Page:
While the gender disparity in STEM fields has narrowed in recent years, men continue to dominate these highly lucrative and innovative fields. Women with degrees in science, math or engineering are vastly outnumbered in the tech industry, especially in careers that rely on computer coding.
According to a study conducted by the National Center for Education Statistics, women receive a mere 18 percent of computer science bachelor’s degrees in the United States. A number of top universities across the nation, however, are exerting a greater effort to close this gap — including UCSB.
This past weekend, the American Association of University Women (AAUW) at UCSB hosted their first annual Womxn/Hacks on campus. It welcomed all female-identifying undergraduate and graduate students to participate in a 36-hour-long competitive hackathon, regardless of prior knowledge or expertise in computer science. These programmers collaborated with one to three other partners to create and submit a project, and at the end of the event were to present their hard work in front of their peers and industry professionals.
Priscilla Siow, a first-year environmental studies major, and her team built an Android app that is centered on providing safety for women. Siow explained that her team’s goal was to create something that specifically targets safe spaces for LGBTQ and minority women as well as women in general.
Her teammate, Kara Suharitdumrong, further described how their app works. “There is one function that we put all throughout the app so that you can tap it and it will call a CSO for you. It can also work as a heat map, so based on what people rate certain areas, you can collect that data and project it. These red zones have more incidents where people may feel uncomfortable,” the third-year computer science major said.
For several teams, this hackathon was a new experience and an introduction to competitive coding.
Nandhana Sathish, a first-year computer science major from UC Irvine, and her teammates decided to learn Swift, a multipurpose programming language used to develop iOS applications. Using what they learned, they created an app called Ease Anxiety.
“Basically,” Sathish explained, “once you open the app, you’re in your happy place. You practice breathing exercises, which the app will help you do.”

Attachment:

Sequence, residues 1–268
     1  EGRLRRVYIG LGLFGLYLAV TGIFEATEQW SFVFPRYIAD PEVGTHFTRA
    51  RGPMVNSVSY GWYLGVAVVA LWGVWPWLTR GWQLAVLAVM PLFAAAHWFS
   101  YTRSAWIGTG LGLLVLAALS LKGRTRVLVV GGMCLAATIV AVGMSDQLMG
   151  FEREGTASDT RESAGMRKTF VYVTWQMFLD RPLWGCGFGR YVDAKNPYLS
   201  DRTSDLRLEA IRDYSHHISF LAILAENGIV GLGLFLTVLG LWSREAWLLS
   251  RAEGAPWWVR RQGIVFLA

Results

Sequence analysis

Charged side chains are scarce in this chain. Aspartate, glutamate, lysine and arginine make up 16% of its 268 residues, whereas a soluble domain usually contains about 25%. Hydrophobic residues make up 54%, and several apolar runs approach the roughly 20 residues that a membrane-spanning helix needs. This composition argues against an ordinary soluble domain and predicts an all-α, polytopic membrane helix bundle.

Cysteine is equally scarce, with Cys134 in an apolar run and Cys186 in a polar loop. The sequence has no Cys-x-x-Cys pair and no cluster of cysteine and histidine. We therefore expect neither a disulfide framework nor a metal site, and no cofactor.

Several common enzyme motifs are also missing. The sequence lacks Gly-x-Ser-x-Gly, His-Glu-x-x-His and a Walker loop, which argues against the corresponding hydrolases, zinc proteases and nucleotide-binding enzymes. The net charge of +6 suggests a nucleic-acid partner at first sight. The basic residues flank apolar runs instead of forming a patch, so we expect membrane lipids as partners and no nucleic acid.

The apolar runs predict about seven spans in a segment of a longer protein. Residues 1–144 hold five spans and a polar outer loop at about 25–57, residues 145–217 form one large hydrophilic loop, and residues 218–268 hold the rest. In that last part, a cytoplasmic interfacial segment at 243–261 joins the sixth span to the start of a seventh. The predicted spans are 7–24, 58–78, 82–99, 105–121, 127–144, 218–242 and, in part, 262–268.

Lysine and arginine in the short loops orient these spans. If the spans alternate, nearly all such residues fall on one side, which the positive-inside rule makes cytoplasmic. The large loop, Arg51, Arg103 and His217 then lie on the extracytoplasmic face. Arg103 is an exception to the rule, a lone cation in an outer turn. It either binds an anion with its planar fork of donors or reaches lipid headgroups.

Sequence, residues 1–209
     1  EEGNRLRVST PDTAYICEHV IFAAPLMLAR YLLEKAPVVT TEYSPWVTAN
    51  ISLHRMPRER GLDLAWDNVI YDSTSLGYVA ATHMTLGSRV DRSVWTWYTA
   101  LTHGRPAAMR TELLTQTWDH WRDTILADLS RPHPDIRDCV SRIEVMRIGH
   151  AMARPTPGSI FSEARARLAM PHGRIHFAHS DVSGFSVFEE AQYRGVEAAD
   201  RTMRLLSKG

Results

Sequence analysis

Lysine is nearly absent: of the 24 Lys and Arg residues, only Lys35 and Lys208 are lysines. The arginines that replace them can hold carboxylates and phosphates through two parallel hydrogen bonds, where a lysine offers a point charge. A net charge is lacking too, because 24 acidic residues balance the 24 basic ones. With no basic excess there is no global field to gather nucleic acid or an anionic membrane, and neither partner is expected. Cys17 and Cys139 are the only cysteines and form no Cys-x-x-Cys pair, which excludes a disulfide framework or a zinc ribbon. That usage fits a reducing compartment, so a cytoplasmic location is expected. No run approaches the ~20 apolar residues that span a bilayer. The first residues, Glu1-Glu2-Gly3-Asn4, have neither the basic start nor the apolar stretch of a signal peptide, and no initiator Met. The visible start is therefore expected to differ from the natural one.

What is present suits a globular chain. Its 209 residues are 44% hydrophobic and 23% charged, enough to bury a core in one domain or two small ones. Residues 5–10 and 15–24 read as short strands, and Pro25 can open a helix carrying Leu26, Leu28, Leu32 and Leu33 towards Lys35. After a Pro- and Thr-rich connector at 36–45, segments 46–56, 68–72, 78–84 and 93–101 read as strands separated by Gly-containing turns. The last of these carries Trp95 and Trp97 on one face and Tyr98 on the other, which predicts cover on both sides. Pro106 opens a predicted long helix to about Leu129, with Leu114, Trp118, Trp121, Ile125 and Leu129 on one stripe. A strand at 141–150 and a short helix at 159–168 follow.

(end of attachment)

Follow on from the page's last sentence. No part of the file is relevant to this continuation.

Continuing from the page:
When asked about the importance of women’s involvement in STEM and (especially) in coding, fourth-year anthropology major Haven Kato said, “I feel like we need to step out into the world a little more and show what we can do. They portray men as primarily in STEM and tech, but that doesn’t mean that women can’t do it. It’s important to show that we’re capable.”
Sathish added, “In a lot of computer science classes I’ve been in, the boys in the group would say, ‘Oh, we have to let the girl code now.’ If we have this kind of event where girls have an encouraging environment, it empowers us to do more.”
In addition to the collaborative hackathon, the weekend-long event offered several workshops to expose participants to the various aspects of computer science and coding.
For example, the Intro to Web Development workshop demonstrated how to launch a web app on Google Cloud Platform, and the Machine Learning Made Easy workshop used MATLAB, a programming software, to look into the basics of machine learning. For many participants with limited prior experience in coding, these workshops served as invaluable exposure.
Second-year sociology and Spanish double major Christine Nguyen said, “For [my team], it was really about the workshops. We started going to a lot of these because there are a lot of resources here that you wouldn’t get otherwise, especially hardware. They have a whole hardware lab here, which is really expensive.”
In any field, diverse perspectives are the backbone of innovation and progress, and the tech industry is no exception. Womxn/Hacks and other similar events go a long way in empowering and encouraging underrepresented minorities to share their ideas and discoveries.
For several budding female computer scientists here at UCSB, this weekend helped to unlock their potential and to find exciting opportunities in coding.
Fourth-year linguistics major Faviola Ruiz-Zamudio said that she wanted to participate in a hackathon since she was a first-year but felt intimidated by the ones that were offered before. “I’m pretty excited that this event occurred because I didn’t know that this was the first one ever, just for women, at UCSB. This one was really inclusive, which I really liked.”
Her teammate, Nguyen, agreed, “It’s overwhelming — but in a good way. When I first signed up for this, I didn’t think it was going to be a huge event. It’s honestly been very surprising and rewarding just being here.”